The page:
Dennis Hopper — actor (Rebel Without a Cause, Blue Velvet), director (Easy Rider, Colors), screenwriter, photographer, painter, hellraiser, raconteur, and no-bull Hollywood legend — died of prostate cancer at his house in Venice Beach, in Los Angeles (yesterday). He was 74.
Hopper may have had the surest hand on the zeitgeist of anyone in Hollywood, putting his fingerprints on a series of iconic, era-defining pictures. He played a supporting role in the ultimate '50s teen drama, Rebel Without a Cause (1955); legitimized hippies on film (and in Hollywood's power structure) with Easy Rider (1969); contributed a memorable cameo as a crazed journalist to Francis Ford Coppola's New Hollywood apotheosis Apocalypse Now (1979); concocted one of the scariest of all screen villains as Frank Booth in David Lynch's Blue Velvet (1986); directed the gang drama Colors (1988) with its hit title track by Ice-T just as L.A.'s Bloods and Crips were making news; and completely stole the blockbuster Speed (1994) as the bad guy. Later in life he became a widely exhibited photographer and published collections of his images.
He was a member of a small cadre of baby boomers who changed the cinema industry in the '60's.
With its portrait of counterculture heroes raising their middle fingers to the uptight middle-class hypocrisies, "Easy Rider" became the cinematic symbol of the 1960s, a celluloid anthem to freedom, macho bravado and anti-establishment rebellion. As a low-budget independent film that earned huge amounts of money, it also triggered a seismic shift in Hollywood, which began eagerly to court the youth market and look for similarly disreputable properties to co-opt.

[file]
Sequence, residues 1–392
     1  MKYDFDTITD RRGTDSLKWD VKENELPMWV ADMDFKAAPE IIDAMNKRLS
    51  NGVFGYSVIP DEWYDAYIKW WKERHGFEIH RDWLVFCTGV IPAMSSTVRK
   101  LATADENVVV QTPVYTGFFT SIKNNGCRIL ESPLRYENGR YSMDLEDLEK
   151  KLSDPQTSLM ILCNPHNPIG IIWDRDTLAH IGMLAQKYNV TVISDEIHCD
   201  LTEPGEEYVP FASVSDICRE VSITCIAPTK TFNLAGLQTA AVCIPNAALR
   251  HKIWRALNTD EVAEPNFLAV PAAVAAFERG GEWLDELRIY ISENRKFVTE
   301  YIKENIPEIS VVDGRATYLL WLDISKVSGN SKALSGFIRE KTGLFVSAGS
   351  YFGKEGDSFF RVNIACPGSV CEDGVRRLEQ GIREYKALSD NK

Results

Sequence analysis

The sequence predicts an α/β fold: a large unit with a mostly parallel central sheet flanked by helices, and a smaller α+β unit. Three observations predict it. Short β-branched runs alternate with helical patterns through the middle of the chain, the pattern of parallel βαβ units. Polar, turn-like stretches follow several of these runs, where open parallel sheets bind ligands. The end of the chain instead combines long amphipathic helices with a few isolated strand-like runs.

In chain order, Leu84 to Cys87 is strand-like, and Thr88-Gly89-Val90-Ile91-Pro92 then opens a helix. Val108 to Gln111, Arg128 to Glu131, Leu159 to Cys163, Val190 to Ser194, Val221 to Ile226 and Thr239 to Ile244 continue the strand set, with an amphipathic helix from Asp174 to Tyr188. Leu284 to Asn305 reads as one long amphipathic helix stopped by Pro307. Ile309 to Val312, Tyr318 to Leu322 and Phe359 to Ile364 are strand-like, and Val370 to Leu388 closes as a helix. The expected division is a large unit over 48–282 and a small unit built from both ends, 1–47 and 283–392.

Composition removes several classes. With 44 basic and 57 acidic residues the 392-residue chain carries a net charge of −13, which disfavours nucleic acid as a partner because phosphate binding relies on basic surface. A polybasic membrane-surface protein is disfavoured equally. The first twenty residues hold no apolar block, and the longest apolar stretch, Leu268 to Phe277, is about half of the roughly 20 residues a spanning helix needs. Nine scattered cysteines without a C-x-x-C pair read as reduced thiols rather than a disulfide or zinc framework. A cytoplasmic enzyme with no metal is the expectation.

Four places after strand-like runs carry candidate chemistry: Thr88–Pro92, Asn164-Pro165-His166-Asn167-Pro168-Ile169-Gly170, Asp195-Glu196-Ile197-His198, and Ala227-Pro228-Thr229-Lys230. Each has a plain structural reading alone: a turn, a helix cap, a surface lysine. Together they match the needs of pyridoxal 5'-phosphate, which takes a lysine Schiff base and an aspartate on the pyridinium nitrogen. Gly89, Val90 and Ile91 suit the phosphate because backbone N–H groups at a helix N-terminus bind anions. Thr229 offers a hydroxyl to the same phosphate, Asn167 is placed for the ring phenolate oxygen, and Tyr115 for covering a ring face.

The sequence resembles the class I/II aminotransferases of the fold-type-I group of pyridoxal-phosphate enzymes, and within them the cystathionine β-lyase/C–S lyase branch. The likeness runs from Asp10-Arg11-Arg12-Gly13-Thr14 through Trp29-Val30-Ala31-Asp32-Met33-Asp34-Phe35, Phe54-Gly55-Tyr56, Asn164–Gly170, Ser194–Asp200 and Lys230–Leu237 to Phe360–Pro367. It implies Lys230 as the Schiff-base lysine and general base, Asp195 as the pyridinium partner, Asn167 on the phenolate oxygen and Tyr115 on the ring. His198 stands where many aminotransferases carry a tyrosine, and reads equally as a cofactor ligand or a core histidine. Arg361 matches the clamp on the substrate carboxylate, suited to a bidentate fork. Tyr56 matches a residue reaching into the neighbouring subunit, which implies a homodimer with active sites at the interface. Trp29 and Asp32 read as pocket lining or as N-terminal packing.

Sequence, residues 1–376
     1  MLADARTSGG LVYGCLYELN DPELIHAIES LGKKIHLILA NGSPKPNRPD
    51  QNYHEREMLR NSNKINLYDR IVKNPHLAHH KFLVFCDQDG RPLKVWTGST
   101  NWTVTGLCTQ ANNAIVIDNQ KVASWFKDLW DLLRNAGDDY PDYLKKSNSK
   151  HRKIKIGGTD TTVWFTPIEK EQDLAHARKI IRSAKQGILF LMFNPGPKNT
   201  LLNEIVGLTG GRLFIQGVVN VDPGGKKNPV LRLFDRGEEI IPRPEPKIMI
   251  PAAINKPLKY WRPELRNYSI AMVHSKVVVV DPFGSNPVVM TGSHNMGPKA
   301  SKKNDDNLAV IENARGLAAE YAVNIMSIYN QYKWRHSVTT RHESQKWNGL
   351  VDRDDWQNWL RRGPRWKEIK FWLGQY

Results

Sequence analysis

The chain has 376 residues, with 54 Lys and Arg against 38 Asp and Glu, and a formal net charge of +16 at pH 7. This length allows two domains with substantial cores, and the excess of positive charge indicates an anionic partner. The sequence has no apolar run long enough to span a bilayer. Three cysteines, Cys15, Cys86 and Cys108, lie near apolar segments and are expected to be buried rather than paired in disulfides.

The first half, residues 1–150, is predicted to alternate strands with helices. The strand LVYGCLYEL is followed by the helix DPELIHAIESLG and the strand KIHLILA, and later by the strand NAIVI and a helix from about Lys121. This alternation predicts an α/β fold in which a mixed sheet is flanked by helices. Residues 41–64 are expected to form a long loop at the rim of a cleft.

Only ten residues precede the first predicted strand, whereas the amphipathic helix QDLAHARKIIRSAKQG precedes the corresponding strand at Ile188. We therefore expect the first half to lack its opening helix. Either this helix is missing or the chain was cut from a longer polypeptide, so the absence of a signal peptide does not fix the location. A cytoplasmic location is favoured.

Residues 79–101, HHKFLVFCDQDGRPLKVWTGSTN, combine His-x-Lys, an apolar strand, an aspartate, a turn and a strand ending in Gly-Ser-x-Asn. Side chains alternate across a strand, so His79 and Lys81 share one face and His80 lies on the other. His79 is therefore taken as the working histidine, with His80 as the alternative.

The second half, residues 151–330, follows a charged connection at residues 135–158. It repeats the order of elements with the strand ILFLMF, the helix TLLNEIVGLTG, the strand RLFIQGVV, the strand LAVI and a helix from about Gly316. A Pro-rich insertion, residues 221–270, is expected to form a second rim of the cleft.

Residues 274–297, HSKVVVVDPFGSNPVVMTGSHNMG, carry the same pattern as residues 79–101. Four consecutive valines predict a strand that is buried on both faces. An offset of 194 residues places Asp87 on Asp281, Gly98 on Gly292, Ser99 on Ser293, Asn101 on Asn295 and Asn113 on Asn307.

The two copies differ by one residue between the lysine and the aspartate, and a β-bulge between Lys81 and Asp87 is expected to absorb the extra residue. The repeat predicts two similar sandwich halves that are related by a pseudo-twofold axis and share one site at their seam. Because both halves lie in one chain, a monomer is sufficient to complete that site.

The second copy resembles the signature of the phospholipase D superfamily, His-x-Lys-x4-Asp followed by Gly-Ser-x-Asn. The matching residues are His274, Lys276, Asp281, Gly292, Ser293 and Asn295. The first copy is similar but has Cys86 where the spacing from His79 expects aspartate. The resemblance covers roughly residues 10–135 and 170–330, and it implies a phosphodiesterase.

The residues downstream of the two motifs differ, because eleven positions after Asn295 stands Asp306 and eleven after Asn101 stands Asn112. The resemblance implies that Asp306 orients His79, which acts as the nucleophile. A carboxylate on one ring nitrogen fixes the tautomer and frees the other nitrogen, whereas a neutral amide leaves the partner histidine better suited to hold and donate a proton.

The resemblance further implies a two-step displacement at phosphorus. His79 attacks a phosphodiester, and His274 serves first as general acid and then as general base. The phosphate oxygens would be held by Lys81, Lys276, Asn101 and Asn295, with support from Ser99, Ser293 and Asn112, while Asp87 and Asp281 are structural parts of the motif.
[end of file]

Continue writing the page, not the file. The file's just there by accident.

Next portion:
My favorite recent role was that of Huey Walker in Flashback, a film which managed to satire the '60's at every plot turn. Keifer Sutherland's role as son-of-flower-children-turned-FBI-agent in hot pursuit of Hopper's Abby Hoffman-ish Walker is hilarious. More from the Rolling Stone link:
Hopper spent the '90s and '00s in a reliable niche as a hipster emeritus, frequently appearing on talk shows and playing a wide range of roles, though in Blue Velvet's wake he was most frequently identified with villain roles.
The alcoholic coach in Hoosiers, the intergalactic contraband hauler in Space Truckers, the band manager in White Star ... even his minorly freaky roles were legend. Concluding from the WaPo link:
As the sexually compulsive, pathologically troubled villain Frank Booth, Hopper -- three years clean and sober -- found a way to combine the knife-edge madness he had always possessed with newfound powers of control and discipline.
Hopper left the planet too soon, but it was still gratifying to see him turn what could have been a career of flameouts and sad self-destruction into a triumph of endurance. Now that he's gone, he has left behind a generation of actors who grasp at his wildness with mannerisms and empty emoting, but who can never reach that precise alchemy of derangement and focus that Hopper embodied at his best. ... It's an irony Hopper himself surely appreciated that the man who embodied antiauthoritarianism at its most anarchic finally realized his best artistic self when he embraced self-control.
Update: It's kind of difficult to picture Hopper, Art Linkletter, and Gary Coleman all going anywhere together ... and of course, maybe they didn't.